About the Centre


With the Wits Centenary occurring in 2022 and as we approach the 100th anniversary of the announcement of the Taung Child fossil in 2025, the Universities Strategic Executive Team, led by Wits Vice Chancellor Professor Zeblon Vilakazi, has established the Centre for the Exploration of the Deep Human Journey to “future proof” the science of human origins and ensure that Wits remains at the centre of exploration, discovery and science in this important field of understanding humankind's African origins.

The Centre will embrace and engage in trans-disciplinary research, pursue cutting edge science and exploration, ensure Wits stays at the forefront of open access and collaborative science, and inspire the next generation of explorers, scientists and communicators to make an impact through scientific excellence.


Our goal is to build a sustainable, globally recognised science, exploration, and research programme designed to explore and expand our understanding of the deep human journey from its base in Africa where our story began. The Centre will engage with international institutions of excellence and their scientists and students, and train and empower the next generation of African scientists in this field.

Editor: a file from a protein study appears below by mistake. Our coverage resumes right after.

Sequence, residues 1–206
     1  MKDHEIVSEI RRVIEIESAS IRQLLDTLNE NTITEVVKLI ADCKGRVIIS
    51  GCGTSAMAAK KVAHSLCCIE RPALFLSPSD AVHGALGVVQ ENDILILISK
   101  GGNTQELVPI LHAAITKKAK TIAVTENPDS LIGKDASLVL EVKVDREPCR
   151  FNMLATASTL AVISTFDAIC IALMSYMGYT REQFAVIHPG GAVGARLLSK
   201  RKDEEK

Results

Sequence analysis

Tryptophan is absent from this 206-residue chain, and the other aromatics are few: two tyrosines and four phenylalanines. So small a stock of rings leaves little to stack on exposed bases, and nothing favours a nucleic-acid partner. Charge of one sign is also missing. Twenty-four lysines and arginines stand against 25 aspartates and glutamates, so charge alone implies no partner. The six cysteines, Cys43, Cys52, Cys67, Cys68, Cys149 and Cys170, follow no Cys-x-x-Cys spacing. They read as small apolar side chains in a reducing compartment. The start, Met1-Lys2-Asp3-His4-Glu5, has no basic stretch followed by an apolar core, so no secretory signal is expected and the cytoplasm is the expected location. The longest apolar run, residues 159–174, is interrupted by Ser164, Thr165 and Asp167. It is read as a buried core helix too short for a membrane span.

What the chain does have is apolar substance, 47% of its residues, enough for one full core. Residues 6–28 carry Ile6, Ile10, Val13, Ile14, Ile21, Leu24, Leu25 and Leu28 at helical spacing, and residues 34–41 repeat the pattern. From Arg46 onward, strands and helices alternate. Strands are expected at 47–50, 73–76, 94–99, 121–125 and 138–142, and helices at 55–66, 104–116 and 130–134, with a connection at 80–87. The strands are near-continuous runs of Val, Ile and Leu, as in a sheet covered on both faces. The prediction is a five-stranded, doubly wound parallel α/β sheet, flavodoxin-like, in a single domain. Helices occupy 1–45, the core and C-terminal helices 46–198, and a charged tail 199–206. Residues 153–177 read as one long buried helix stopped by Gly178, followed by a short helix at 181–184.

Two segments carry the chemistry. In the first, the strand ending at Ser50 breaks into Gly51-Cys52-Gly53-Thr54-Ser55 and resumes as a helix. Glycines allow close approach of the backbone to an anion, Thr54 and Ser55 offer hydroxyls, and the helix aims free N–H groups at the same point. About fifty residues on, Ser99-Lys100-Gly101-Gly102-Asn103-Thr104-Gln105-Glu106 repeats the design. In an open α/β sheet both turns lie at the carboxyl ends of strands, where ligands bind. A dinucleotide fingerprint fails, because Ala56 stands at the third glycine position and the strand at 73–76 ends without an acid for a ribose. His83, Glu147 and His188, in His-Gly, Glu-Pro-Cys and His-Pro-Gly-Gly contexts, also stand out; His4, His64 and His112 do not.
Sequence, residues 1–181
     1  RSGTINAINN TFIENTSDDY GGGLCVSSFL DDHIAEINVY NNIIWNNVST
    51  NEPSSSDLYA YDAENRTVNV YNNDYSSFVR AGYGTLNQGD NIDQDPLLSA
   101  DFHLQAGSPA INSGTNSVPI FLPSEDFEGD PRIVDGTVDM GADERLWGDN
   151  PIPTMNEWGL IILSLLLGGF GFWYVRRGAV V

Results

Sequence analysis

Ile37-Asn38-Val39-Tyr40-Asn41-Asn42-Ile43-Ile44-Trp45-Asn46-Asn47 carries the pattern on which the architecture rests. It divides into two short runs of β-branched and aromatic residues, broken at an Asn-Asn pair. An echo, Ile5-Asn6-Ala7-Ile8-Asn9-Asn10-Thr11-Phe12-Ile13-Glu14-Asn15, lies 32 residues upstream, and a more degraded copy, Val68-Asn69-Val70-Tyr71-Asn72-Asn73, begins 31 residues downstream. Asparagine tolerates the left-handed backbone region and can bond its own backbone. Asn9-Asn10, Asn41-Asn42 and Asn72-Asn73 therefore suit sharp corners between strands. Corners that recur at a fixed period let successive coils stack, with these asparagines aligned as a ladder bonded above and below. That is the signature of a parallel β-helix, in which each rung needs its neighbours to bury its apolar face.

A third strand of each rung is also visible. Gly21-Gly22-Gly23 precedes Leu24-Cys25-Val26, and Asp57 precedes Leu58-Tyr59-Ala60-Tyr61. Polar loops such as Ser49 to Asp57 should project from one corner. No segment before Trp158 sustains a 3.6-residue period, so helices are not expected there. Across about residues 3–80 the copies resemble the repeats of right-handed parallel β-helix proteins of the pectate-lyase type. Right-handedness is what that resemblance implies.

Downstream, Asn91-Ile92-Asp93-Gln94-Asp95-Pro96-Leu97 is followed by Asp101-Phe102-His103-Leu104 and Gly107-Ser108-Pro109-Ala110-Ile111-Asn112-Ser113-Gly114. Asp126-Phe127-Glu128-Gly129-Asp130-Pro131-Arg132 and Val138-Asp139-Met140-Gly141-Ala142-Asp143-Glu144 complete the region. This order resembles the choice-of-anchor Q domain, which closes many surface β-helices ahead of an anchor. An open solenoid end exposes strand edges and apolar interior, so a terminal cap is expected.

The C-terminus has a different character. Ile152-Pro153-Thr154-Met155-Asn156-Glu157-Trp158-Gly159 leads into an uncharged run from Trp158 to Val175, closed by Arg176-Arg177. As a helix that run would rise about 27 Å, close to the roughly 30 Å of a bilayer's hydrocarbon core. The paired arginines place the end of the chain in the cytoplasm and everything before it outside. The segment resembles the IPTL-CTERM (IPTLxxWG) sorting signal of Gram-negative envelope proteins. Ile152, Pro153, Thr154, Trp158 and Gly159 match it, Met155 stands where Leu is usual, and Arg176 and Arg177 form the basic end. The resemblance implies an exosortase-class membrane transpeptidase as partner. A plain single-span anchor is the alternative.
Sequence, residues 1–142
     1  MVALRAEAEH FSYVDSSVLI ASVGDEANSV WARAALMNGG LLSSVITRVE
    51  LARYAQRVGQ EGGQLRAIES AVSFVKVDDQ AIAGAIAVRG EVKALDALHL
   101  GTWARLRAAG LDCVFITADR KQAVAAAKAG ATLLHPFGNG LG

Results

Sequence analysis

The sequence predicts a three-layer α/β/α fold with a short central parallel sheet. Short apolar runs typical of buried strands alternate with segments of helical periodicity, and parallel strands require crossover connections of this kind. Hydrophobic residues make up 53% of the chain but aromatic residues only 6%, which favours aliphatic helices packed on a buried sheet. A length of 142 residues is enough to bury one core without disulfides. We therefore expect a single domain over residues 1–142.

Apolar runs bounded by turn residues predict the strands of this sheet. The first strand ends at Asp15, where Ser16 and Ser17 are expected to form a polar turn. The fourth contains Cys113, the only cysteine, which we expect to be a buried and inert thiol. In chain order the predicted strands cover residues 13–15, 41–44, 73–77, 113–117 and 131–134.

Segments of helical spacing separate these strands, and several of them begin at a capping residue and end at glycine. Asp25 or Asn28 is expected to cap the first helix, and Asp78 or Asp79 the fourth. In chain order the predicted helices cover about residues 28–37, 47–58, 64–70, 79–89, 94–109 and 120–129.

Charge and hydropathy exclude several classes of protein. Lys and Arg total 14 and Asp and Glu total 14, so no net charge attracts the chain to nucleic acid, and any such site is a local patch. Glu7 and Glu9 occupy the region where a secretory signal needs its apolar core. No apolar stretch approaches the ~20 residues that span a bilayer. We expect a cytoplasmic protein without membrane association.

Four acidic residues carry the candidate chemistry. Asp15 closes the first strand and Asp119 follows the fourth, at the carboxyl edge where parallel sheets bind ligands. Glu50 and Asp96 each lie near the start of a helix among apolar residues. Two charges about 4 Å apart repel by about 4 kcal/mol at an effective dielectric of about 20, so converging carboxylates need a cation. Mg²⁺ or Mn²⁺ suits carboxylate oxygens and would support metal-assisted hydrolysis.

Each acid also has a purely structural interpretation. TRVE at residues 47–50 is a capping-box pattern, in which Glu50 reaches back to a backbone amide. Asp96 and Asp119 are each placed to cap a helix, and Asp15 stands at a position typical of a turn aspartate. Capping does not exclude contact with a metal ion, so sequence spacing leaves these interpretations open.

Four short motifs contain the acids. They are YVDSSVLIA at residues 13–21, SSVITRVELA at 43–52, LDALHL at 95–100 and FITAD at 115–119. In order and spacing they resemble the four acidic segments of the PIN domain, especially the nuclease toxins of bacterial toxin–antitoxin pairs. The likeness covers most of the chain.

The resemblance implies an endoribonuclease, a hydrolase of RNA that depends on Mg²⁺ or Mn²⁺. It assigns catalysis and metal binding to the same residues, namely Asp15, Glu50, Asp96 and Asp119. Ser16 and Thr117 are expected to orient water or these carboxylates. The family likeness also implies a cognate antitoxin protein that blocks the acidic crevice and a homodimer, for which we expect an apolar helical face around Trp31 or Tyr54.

The tremendous success in this field over the last several decades has garnered worldwide attention and acclaim. This is largely because Wits maintains a strong base for this science in Africa, near to where the discoveries may be made.

Head of the Centre

Professor Lee Berger

Professor Lee Berger, an internationally acclaimed scientist and National Geographic Explorer, has been appointed the first Head of the Centre. Prof. Berger and his teams have discovered more individual fossils of ancient human relatives in the last decade than in the previous 90 years combined. 

Funding Priorities

The following are identified areas of priority for the Centre

Research in Action

Australopithecus sediba

New lower back fossils settles a decades old debate proving early hominins used their upper limbs to climb like apes, and their lower limbs to walk like humans.

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